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Welcome to Kitaskino Nuwenëné Wildland Provincial Park

March 1, 2019

Wild Lands Advocate Update by Carolyn Campbell

You can download a pdf version of this update here

The Kitaskino Nuwenëné Wildland Provincial Park will protect much of the range of the Ronald Lake wood bison population and parts of the Red Earth and Richardson woodland caribou ranges.

On March 11, 2019 Alberta Wilderness Association welcomed a new boreal gem to the provincial parks and protected areas network. Kitaskino Nuwenëné, a 1,620 km2 Wildland Provincial Park, was created along the southern border of Wood Buffalo National Park. First Nations and Metis communities in the region will have significant involvement in the governance and management of this new protected area.

This area is important for wildlife and Indigenous communities. The lands would protect much of the range of the Ronald Lake wood bison population, an important food source for nearby Indigenous communities. The threatened Red Earth and Richardson woodland caribou populations will also receive important additional connected protected areas (for more Caribou news, see the separate Update in this issue). Three companies, Teck Resources, Cenovus Energy and Imperial Oil, voluntarily relinquished their oil sands tenures in the area.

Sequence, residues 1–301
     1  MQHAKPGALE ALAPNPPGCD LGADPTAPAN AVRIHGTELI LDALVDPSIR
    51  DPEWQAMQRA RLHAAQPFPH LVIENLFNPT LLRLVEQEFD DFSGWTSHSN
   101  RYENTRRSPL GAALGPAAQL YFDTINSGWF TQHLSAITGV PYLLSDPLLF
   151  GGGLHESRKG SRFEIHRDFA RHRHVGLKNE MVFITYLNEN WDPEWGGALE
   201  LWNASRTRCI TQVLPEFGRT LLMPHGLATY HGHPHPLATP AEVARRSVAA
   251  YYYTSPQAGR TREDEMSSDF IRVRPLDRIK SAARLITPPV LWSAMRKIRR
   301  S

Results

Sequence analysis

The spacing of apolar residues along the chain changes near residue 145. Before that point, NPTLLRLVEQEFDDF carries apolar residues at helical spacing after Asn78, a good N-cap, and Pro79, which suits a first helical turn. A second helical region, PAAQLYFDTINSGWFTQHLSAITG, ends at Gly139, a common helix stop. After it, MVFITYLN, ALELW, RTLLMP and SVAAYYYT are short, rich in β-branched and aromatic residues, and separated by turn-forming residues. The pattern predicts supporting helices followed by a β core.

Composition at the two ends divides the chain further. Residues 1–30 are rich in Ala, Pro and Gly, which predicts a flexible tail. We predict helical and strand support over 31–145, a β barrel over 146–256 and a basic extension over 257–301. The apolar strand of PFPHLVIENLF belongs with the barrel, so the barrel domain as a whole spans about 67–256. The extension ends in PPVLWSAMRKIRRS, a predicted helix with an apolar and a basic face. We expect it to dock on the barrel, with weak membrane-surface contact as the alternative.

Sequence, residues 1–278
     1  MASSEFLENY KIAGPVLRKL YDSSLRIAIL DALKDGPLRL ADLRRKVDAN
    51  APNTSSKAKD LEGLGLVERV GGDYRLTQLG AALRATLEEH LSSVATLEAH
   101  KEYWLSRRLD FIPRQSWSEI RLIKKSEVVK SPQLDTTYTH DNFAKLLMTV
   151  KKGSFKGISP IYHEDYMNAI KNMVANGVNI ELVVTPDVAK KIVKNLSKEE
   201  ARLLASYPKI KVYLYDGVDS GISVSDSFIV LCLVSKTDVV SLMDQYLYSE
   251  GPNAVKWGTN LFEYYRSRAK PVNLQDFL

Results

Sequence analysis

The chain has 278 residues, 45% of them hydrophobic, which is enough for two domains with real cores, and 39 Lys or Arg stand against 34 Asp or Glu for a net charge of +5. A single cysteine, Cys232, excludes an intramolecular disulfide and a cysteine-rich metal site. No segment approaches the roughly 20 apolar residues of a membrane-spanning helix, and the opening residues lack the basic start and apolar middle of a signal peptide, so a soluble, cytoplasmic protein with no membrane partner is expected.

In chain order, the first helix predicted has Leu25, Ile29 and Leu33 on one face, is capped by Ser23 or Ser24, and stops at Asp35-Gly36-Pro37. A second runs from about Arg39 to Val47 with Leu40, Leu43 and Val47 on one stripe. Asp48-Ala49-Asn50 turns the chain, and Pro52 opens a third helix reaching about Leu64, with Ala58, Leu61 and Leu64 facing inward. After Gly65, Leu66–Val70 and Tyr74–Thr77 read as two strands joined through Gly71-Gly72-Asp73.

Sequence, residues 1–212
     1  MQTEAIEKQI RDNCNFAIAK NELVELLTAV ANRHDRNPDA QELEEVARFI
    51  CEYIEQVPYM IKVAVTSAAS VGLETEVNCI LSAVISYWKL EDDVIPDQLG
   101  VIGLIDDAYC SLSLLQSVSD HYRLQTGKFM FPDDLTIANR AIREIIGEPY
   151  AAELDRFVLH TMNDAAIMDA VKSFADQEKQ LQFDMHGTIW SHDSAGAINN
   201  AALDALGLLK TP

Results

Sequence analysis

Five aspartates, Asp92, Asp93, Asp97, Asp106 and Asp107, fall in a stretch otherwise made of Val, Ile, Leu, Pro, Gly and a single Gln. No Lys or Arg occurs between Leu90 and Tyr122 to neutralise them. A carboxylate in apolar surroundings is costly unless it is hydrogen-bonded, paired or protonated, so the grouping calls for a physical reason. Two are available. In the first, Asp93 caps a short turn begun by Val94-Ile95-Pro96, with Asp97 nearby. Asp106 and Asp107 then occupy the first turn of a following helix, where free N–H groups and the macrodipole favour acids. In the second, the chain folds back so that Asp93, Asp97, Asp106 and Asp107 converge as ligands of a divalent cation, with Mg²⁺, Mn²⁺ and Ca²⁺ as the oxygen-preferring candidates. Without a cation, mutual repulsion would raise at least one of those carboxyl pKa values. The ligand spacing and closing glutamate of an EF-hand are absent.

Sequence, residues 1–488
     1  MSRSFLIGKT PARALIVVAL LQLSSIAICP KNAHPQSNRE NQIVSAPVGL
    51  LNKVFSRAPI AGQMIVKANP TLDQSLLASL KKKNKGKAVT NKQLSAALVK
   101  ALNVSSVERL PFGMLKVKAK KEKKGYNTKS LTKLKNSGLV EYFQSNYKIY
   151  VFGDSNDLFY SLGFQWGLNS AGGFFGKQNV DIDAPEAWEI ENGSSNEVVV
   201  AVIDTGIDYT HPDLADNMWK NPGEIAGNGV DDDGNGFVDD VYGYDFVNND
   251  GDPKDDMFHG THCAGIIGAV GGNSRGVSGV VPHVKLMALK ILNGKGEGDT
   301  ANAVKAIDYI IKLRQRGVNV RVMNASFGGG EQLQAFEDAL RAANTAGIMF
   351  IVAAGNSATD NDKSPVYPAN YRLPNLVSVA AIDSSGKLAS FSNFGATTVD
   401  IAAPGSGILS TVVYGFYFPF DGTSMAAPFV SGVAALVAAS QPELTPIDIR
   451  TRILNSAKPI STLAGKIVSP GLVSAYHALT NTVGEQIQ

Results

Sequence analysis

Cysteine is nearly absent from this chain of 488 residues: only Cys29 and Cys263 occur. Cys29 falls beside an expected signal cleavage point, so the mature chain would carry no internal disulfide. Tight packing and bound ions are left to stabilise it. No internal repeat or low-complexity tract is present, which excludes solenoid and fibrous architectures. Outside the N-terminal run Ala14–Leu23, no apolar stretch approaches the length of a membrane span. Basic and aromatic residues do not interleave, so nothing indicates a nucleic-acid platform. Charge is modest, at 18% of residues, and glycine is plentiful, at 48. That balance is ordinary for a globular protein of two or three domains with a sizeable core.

AWA actively supported and encouraged Kitaskino Nuwenëné. During this initiative’s public consultation period, we discussed some proposed details with staff from Alberta Land Use Secretariat and Alberta Parks. We learned that the companies’ relinquishment of leases was a separate process from the Teck Frontier mine application process and was not contingent on approving that mine. We also were told that there have been discussions with northeast Alberta indigenous communities about cooperative management of the recent Lower Athabasca Region Wildland Provincial parks established in May 2018. Those discussions should inform the management of this new wildland provincial park. Management Boards will likely be established and there will also be a cooperative management process for wood bison. AWA asked to be included in management plan consultation.

While the new protected lands are valuable, they cover a smaller, less connected area than was envisaged in 2018 discussions between Teck Frontier and some of the Indigenous communities. Those discussions are referred to in the Teck Frontier Mine hearing public record. In addition to supporting this new park AWA has requested Alberta also to continue efforts to secure additional lands to add to the area. These additional lands should include more bison range and lands along the Athabasca River corridor, a major North American migratory bird flyway.

Through this new park the Alberta government supported the exercise of Treaty rights, traditional uses, and protection of Indigenous culture, including cooperative management opportunities for interested Indigenous communities. These are important advancements in Alberta protected areas planning.

Carolyn Campbell

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